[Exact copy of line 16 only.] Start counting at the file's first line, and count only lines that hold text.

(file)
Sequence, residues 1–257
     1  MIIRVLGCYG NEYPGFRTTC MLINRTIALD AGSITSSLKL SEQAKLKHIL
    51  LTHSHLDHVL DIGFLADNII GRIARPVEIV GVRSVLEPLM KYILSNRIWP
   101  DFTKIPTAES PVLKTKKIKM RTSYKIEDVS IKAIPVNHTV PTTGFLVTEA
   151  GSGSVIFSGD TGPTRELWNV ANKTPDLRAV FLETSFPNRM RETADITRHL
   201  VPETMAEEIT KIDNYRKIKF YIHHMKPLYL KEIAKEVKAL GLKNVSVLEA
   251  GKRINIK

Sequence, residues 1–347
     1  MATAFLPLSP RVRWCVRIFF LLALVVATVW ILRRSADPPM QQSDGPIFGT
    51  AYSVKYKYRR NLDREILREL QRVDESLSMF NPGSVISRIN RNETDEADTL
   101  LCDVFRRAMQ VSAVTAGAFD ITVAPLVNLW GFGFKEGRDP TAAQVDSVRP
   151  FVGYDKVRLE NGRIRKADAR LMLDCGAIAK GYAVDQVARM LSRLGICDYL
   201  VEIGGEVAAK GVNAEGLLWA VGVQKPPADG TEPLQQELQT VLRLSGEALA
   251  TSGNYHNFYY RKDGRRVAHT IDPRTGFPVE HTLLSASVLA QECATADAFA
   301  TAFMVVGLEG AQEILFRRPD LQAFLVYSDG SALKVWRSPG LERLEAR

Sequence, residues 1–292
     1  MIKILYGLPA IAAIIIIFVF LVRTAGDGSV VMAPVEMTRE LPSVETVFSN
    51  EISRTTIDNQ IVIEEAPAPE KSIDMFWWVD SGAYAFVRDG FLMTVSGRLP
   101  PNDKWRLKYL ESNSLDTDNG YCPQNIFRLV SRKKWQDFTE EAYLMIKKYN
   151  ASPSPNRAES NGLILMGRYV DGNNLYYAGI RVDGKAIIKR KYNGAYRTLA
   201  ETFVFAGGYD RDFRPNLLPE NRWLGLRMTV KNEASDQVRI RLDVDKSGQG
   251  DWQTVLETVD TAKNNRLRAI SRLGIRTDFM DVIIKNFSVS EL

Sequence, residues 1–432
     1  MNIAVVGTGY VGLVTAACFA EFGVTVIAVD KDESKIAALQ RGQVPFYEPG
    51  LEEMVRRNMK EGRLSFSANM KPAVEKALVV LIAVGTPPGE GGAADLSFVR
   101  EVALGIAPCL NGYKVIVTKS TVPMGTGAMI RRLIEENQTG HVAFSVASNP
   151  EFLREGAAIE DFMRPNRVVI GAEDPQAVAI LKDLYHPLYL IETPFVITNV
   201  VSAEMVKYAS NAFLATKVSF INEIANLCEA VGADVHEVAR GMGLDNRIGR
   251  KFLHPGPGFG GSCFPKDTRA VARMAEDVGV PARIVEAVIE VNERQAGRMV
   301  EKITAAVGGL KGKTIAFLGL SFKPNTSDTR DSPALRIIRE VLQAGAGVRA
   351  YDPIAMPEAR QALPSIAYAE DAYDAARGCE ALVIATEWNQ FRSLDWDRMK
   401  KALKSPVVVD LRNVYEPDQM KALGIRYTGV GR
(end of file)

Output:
Sequence, residues 1–292